Researchers in Shandong province are “grieving” the loss of dozens of apples that were part of a four-year-long study after some unidentified fruit thieves nabbed them from their lab trees this week.
Han Mingsan, The Deputy Director of Fruit and Tea Research at the Qingdao Academy of Agricultural Sciences in Shandong province, discovered the ravaging during a routine visit to the Bijiacun village orchard on the morning of October 18, according to China Daily.
All of the full-grown apples on the three lab trees had been plucked off, leaving only a few premature apples dangling from the branches.
The research team had begun cultivating the apples more than four years ago, and the first harvest was expected in just a few days. Han said the the apples were worth much more than they could ever be sold for.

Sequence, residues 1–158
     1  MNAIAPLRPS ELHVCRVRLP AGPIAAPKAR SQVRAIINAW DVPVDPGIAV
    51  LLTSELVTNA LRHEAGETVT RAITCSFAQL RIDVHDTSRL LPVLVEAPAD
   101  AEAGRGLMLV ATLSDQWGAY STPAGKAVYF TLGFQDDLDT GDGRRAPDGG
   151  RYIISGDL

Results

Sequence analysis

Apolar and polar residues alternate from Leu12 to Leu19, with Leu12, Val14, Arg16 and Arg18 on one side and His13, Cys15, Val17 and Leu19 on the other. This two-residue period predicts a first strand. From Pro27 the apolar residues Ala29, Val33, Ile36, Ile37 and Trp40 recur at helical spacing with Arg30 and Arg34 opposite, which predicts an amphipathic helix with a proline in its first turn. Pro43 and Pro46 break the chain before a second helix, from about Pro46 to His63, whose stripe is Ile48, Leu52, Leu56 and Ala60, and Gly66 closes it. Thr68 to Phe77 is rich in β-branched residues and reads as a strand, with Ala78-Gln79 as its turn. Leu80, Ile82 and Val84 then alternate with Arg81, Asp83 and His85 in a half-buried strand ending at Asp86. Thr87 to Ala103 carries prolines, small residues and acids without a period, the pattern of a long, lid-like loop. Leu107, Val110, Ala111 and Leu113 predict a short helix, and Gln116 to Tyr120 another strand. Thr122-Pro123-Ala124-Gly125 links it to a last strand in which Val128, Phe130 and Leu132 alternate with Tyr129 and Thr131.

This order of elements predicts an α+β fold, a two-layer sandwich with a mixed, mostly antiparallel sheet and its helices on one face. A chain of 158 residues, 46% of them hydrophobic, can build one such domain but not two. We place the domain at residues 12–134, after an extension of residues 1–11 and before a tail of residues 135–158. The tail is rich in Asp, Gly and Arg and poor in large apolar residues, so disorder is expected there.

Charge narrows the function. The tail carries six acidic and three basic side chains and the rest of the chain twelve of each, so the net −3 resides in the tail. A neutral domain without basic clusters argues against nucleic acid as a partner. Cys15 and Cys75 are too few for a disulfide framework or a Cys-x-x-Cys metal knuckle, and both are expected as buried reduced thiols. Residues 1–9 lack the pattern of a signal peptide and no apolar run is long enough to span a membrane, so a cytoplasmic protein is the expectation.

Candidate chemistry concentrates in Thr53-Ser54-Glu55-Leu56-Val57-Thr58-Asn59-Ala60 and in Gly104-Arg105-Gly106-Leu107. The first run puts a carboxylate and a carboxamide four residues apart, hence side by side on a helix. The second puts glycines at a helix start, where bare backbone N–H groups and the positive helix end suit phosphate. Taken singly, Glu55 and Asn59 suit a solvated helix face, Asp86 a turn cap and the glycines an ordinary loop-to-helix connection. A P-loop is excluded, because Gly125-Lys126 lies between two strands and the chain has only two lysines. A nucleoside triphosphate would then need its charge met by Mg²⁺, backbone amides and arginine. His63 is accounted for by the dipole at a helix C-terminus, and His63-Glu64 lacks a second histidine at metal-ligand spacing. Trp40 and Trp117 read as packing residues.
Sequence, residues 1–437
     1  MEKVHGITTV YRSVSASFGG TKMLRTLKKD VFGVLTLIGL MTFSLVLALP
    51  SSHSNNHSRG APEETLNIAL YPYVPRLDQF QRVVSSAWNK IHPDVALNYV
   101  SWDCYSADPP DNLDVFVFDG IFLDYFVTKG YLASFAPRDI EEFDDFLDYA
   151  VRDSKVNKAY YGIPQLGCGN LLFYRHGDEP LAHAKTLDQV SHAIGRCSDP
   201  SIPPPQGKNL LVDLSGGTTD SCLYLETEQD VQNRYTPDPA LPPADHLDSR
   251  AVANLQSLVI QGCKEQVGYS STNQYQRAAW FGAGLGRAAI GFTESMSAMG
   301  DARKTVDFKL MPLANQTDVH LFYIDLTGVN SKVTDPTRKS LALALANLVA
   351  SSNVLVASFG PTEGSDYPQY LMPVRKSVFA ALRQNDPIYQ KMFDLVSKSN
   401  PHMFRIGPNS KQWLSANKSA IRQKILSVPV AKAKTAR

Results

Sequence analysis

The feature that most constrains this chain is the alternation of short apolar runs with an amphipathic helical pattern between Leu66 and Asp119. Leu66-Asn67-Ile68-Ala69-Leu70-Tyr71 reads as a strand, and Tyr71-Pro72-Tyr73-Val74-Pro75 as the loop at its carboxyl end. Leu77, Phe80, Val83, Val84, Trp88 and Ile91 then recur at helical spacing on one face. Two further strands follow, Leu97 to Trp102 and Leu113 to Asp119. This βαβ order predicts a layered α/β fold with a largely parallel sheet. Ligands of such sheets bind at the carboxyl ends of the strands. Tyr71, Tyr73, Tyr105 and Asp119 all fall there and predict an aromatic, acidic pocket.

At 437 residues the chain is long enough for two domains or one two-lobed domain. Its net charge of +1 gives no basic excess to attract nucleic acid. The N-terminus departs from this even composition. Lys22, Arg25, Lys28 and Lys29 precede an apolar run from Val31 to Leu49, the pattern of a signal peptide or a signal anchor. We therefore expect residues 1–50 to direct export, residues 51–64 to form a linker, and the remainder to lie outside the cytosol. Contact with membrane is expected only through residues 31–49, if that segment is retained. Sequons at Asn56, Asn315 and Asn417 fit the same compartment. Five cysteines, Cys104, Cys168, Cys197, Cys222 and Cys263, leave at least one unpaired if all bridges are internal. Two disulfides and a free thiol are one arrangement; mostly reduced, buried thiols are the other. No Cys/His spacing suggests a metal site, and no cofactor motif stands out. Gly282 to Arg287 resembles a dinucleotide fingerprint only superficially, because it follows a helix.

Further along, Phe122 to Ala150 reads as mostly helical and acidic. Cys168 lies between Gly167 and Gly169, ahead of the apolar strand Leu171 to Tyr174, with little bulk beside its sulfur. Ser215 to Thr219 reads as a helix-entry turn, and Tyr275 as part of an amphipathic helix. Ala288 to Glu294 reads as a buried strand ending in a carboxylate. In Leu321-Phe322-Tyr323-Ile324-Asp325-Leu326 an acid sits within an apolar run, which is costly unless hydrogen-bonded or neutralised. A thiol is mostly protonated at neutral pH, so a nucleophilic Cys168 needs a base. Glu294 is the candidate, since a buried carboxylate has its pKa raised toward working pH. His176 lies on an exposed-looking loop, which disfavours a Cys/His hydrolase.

Their study aimed to produce apples that would look and taste better. As a bonus for growers, the apples didn’t require paper wrapping, saving them at least 3,000 yuan per mu (666 square meters). Mass planting in Qingdao alone could save farmers hundreds of million of yuan, Han said.
The team notified police, but understandably, they don’t have much hope for recovering the stolen apples—the gnawed-upon cores of which are probably now strewn across the village’s streets.